Western Armenians wore a sweeping one-piece dress – ant’ari or zpun, xrxa with a small stand-up collar, extended sleeves below the side hips below the hips, sewn from silk or cotton, lined. Over the antara for solemn occasions, as well as in the cold season, a dress was worn-juppa, but without side cuts. This dress could be festive (from burgundy, purple, blue velvet or silk, colored woolen fabric in stripes) and everyday (from dark blue cloth). Such a sweeping women’s clothing with straight lines, which has six basic variants, was widespread in Western Armenia (Karin, Kars, Bagrevand, Ardahan, Khotorgur and others). The cut on the chest, the edges of the sleeves, the whole hem of the dress were decorated with relief gold sewing in 5-7 cm width of the plant pattern.
A distinctive feature of traditional women’s clothing in Western Armenia was the apron – mezar.
Stitched from cotton or expensive (velvet, cloth) fabrics, richly decorated (especially a wedding), he was a necessary part of the outfit: how to “go ashamed” in the east to go out with an open chin, so here it was “shameful” to appear without an apron. His classic version is an apron of red cloth in a set of clothes Karina-Chirac with exquisite sewing and braid, which was tied around the antarctic. A long narrow band (2-3 cm wide and 3 m long), woven from red and yellow silk (golden) threads, was sewn to the apron. With this apron, the open breast of the dress was covered with an embroidered breastplate – krckalrectangular or trapezoidal shape of silk, velvet or woolen fabric, for girls and young women decorated with rich embroidery along the gates and on the chest, and dzhuppa replaced with a jacket – salta or kurtik. This short, short (to the waist) jacket was made of purple, blue, burgundy velvet or green, blue silk fabric. The jacket was festive clothes and amazed with the beauty of the patterned embroidery. Warm outer clothing, in particular in Vaspurakan, served as dalma, a kind of long coat of black cloth on the lining. This swinging, fitting in the waist and laced with braids of woven gold and silk threads, clothing in the cut was similar to juppa. It was mostly worn by girls and young women.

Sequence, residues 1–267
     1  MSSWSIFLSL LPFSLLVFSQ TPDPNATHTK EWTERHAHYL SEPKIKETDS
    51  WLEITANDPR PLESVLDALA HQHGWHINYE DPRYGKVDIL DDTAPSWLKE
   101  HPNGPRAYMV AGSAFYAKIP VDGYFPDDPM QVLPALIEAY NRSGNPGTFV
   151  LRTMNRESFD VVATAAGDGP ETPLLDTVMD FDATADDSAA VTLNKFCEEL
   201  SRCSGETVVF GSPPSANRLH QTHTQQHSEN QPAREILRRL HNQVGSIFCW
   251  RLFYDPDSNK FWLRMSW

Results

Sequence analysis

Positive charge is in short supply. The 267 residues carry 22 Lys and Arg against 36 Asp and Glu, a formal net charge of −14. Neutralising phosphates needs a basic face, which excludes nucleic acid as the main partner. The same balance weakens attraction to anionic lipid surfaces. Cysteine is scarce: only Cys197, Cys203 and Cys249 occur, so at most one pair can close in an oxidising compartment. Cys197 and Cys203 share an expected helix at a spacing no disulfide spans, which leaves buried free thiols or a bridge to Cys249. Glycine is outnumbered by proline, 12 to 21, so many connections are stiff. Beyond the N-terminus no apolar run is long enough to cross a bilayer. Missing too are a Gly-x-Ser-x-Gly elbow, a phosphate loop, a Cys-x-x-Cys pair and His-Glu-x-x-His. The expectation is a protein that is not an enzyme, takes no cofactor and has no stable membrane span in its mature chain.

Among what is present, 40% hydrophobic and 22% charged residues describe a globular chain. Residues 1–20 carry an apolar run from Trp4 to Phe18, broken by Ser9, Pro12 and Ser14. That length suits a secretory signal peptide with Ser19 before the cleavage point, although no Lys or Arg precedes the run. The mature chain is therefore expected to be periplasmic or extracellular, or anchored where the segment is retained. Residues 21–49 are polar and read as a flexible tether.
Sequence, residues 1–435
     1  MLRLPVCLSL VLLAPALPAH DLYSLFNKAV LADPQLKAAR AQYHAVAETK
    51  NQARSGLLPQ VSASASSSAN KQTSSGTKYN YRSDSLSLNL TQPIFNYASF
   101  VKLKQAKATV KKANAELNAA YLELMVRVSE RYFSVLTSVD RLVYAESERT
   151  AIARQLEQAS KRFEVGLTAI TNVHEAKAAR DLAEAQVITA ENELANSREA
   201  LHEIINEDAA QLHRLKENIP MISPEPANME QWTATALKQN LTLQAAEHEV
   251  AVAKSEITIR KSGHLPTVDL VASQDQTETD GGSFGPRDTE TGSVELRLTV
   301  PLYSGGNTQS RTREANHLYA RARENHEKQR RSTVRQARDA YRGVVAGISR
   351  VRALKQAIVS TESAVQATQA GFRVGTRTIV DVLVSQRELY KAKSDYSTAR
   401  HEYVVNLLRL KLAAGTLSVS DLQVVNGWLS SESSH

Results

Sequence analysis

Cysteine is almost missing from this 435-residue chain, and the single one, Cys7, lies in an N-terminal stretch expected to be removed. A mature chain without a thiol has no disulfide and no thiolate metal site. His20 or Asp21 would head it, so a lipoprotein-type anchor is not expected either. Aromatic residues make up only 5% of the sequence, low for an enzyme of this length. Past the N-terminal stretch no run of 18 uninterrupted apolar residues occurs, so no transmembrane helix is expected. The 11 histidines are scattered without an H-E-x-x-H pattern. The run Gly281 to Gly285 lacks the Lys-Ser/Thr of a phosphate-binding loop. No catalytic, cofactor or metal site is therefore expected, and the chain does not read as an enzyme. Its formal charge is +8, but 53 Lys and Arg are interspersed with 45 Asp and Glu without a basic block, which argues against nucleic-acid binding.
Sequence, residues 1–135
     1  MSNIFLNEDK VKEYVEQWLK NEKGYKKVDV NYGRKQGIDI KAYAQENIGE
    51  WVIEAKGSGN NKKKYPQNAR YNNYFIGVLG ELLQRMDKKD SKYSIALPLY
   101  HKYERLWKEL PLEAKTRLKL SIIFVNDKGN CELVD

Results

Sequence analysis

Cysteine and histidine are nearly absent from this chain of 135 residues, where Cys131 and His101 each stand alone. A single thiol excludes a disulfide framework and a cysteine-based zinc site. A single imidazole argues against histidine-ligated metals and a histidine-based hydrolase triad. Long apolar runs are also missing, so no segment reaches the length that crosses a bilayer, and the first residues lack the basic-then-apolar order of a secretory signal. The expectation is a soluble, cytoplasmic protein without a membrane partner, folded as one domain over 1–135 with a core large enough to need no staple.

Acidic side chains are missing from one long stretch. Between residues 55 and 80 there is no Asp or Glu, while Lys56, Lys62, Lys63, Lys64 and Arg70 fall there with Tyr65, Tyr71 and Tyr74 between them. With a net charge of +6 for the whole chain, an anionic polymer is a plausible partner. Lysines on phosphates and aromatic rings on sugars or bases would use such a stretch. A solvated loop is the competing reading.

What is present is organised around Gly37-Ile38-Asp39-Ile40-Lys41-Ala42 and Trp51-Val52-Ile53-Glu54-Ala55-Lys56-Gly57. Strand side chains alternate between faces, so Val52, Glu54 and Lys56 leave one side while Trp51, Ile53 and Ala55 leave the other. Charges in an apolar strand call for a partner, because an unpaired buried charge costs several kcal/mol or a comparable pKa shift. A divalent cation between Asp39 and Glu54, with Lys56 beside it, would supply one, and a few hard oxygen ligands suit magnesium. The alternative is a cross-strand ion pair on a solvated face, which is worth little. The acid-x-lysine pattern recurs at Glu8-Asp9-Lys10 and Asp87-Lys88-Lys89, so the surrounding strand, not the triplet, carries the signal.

Women’s headdress was distinguished by special wealth and beauty. The girls braided their hair into numerous braids (up to 40), from which the front ones were thrown forward on the chest, and the rear ones were placed on the back with the help of silver chains, they lengthened the braids with elaborately woven wool threads into the hair color, decorating them with silver balls and brushes. Decorated with silver ornaments and a felt cap shaped as a feather without a brush. It was hung on chains in front of a row of new lunettes, leaves, chains, amulets, and at the temples – navisochniki – eresnoc. In many regions a silver plate with chased colors, images of angels, sun rays, etc., was sewn on the fez on top.